September 19th, 2019 | Season 1 | 1 hr 29 secs
brain, cognition, concussion, football, nfl, tbi, traumatic brain injury
Joe and Rolf discuss recent evidence to help understand the relationship between playing high-impact sports and traumatic brain injuries (TBIs).
August 11th, 2019 | Season 1 | 54 mins 16 secs
brain, cognition, david wulff, psychology, psychology of religion, religion
David Wulff, author of the comprehensive "Psychology of Religion: Classic and Contemporary", talks with us today about some of the issues that psychologists grapple with in studying religion. How can a researcher take a fair and unbiased approach to a topic so fraught with issues of personal belief and faith? How important is belief anyway -- must one sacrifice the intellect to engage in religious practice? David discusses his recent research; his measure of religious tendencies, called the "Faith Q-Sort", has been used internationally to understand how religion manifests differently across individuals
July 25th, 2019 | Season 1 | 1 hr 11 mins
asch, authority, brain, cognition, milgram, obedience, social psychology
In the 1960s, the social psychologist Stanley Milgram performed some of the most famous experiments in psychology history, demonstrating that ordinary people could do terrible things in certain circumstances. Joe and Rolf look into the meaning of these experiments from a contemporary view. How are they holding up over 50 years later, and what else have we learned about obedience?
July 3rd, 2019 | Season 1 | 1 hr 22 mins
brain, brown university, cognition, dopamine, genetics, michael frank, motivation, neuroscience
Dr. Michael Frank of Brown University talks to us about dopamine -- how it works in the brain, what his research has done to elucidate the function of dopamine circuits, and some of the genetics behind it. A really fascinating dive into a great topic.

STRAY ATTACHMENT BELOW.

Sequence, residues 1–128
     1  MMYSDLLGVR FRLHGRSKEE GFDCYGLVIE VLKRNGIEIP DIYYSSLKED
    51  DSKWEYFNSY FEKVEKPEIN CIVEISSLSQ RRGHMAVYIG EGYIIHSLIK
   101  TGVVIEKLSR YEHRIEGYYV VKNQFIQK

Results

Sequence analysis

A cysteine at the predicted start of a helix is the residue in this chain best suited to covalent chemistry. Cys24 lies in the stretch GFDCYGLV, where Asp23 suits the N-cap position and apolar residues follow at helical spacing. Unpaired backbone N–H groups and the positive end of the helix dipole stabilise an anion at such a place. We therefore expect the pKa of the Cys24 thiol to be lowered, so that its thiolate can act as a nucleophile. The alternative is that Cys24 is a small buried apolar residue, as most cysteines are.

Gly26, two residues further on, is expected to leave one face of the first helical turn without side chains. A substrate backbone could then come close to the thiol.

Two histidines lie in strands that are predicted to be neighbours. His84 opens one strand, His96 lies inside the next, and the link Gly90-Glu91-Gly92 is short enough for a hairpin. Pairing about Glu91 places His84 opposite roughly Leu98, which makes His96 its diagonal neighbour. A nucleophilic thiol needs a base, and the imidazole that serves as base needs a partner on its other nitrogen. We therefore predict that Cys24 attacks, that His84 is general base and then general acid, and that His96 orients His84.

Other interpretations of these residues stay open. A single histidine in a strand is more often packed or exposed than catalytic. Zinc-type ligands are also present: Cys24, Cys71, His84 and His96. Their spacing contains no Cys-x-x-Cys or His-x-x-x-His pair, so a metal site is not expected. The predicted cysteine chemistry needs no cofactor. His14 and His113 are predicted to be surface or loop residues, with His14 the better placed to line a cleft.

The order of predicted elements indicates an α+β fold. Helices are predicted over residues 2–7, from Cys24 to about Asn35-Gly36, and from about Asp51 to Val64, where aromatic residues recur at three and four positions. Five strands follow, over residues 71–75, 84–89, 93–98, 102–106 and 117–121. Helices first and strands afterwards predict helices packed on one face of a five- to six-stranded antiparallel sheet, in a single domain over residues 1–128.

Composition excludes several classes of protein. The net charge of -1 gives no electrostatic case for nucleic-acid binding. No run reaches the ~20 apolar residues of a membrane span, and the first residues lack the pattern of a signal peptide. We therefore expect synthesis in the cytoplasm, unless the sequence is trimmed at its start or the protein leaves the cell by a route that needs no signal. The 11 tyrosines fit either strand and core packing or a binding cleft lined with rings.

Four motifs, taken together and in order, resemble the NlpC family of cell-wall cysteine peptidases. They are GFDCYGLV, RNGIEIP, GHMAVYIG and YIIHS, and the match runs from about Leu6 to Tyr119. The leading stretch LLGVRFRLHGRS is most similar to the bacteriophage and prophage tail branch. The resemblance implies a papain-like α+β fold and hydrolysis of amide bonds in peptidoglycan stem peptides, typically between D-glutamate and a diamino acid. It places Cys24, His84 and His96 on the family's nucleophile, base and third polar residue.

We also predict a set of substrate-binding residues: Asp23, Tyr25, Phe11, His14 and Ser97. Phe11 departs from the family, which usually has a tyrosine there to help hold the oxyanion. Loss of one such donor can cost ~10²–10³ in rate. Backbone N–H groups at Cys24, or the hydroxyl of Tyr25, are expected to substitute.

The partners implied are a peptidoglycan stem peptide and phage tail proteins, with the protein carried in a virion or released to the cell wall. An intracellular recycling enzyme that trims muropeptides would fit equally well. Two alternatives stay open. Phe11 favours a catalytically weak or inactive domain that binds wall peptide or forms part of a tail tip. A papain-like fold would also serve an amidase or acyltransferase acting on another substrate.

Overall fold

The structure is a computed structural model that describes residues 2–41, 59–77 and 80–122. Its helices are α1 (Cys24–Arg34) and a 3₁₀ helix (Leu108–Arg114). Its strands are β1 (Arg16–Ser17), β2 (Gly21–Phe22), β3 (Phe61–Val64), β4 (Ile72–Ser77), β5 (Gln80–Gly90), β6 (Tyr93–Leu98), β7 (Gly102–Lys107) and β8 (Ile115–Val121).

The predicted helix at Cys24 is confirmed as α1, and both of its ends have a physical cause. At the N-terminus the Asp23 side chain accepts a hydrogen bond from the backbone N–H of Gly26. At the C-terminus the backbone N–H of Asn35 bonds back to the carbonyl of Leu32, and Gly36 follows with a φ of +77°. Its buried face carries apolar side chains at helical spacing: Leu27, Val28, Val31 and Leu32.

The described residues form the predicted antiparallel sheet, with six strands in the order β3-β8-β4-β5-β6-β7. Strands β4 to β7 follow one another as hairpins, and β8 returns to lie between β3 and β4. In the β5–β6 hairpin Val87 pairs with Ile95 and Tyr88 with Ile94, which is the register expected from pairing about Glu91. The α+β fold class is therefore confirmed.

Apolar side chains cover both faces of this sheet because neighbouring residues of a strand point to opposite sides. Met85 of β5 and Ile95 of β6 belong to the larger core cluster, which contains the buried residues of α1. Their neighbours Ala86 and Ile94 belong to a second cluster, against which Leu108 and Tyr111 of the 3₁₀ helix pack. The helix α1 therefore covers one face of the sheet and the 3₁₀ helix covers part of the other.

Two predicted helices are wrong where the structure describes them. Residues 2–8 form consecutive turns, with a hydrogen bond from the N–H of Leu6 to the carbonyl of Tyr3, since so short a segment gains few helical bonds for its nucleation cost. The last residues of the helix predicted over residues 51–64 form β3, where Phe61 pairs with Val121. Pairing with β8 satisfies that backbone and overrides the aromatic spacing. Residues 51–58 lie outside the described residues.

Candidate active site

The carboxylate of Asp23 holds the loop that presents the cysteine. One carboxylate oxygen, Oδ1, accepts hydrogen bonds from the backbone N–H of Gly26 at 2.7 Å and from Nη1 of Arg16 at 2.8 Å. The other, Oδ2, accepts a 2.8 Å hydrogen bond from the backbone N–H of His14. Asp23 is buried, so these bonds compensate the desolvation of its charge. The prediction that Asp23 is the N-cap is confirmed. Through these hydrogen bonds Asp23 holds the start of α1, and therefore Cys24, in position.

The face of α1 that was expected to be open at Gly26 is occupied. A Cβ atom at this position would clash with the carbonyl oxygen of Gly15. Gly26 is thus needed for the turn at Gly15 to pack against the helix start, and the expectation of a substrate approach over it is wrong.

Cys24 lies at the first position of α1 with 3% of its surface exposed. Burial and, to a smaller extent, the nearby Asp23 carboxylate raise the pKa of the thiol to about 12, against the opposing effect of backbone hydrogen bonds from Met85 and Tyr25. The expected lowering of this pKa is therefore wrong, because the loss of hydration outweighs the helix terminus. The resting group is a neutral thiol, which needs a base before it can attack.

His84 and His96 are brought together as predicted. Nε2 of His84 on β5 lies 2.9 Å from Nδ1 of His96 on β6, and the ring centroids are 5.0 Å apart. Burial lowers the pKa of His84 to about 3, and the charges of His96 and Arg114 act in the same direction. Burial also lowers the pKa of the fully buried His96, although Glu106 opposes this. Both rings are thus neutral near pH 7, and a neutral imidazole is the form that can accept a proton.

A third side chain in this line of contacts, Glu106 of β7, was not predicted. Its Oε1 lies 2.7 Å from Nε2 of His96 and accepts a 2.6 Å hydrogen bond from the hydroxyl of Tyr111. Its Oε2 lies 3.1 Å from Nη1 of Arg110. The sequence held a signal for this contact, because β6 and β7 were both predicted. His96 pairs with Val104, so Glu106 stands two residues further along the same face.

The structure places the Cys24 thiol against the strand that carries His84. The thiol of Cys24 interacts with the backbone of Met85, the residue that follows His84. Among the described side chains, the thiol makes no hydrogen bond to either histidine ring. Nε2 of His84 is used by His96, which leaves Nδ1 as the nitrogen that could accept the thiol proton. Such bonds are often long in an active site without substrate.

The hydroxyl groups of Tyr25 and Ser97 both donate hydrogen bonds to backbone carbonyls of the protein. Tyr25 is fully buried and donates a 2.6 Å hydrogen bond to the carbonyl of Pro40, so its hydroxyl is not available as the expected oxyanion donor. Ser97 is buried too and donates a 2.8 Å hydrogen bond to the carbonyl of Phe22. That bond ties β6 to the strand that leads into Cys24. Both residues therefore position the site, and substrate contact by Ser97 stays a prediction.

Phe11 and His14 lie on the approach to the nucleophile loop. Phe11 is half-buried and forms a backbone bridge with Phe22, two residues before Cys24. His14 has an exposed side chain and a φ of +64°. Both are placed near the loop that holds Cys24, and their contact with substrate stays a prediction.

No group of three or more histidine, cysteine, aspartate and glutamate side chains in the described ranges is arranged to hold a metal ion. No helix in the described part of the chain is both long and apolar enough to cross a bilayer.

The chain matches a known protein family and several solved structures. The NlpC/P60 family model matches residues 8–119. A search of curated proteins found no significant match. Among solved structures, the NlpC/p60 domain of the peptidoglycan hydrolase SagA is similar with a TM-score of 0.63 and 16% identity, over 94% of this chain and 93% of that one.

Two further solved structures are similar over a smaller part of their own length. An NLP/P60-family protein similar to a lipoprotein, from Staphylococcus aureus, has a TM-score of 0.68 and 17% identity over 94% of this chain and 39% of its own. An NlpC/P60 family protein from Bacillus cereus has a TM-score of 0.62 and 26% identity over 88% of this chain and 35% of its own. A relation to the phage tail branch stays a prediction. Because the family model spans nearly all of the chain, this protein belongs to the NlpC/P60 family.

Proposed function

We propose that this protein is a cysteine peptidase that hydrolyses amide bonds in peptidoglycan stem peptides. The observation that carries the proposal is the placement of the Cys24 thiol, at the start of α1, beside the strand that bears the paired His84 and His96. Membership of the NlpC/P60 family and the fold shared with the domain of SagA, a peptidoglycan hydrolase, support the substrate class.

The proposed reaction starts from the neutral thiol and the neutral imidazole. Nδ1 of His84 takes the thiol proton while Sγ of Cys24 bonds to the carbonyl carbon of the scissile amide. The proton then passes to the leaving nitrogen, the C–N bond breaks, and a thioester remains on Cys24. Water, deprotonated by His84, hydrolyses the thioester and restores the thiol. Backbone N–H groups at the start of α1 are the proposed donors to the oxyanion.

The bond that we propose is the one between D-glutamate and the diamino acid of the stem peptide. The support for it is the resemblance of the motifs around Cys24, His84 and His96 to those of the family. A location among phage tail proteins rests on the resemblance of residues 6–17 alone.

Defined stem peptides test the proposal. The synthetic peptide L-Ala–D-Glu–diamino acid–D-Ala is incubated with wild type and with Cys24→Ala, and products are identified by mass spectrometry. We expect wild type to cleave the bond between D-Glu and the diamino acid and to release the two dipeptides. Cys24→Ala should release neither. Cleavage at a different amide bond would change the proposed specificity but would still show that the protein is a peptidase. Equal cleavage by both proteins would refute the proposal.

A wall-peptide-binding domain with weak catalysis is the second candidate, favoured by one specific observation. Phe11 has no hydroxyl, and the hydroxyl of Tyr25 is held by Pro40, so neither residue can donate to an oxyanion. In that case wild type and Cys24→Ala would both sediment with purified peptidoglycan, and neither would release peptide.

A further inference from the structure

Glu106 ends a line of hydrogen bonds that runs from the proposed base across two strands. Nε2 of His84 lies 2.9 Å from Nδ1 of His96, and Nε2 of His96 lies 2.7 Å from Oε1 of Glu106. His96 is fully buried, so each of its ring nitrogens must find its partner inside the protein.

June 17th, 2019 | Season 1 | 47 mins 13 secs
brain, cognition, language, mind, speech, speech synthesis
Joe and Rolf discuss recent research finding that recordings from the brain can be used to reconstruct the speech that is being thought about. Getting into the prospects of mind-reading and other futuristic possibilities, they discuss some of the limitations of research in the area and what makes progress so difficult.
Source material: Speech Synthesis from Neural Decoding of Spoken Sentences by G. Anumanchipalli et al. (2019)
YouTube video of the model
June 4th, 2019 | Season 1 | 1 hr 4 mins
brain, cognition, color, concepts, design, neuroscience, psychology, recycling
Our guest is Karen Schloss, who studies the way in which color is imbued with meaning through a lifetime of associations with objects (like bananas and fire trucks) and concepts (like love and politics). We discuss her research, including topics such as:
- What color should recycling bins be?
- A tool that can help designers use color-concept associations in their work
- The "blueberry problem" (why is is that blueberries aren't very blue?)
- How to market a blue banana
- What color heaven and hell should be
May 20th, 2019 | Season 1 | 49 mins 34 secs
blue light, brain, eeg, melatonin, photosensitive retinal ganglion cells, sleep
We examine a paper that finds sleep disruption from using tablet computers (as compared to reading a book in dim light). How much should we be worried about the effects of screens on a good night's sleep?
There's good reason to believe that blue light is the main culprit -- recently discovered receptors in the eye that respond to blue light directly connect to brain areas implicated in sleep regulation. We lay out the case....
May 4th, 2019 | Season 1 | 56 mins 26 secs
brain, brent stansfield, cognition, education, future, health care, medical school, medicine
Joe and Rolf talk with Brent Stansfield, who is currently the director of medical education at Wayne State University, about the future of health care and the kinds of value that doctors can provide as artificial intelligence and robotic surgery come of age.
We frame the discussion around the article "Medical Education Must Move From the Information Age to the Age of Artificial Intelligence" by Steven Wartman & Donald Combs.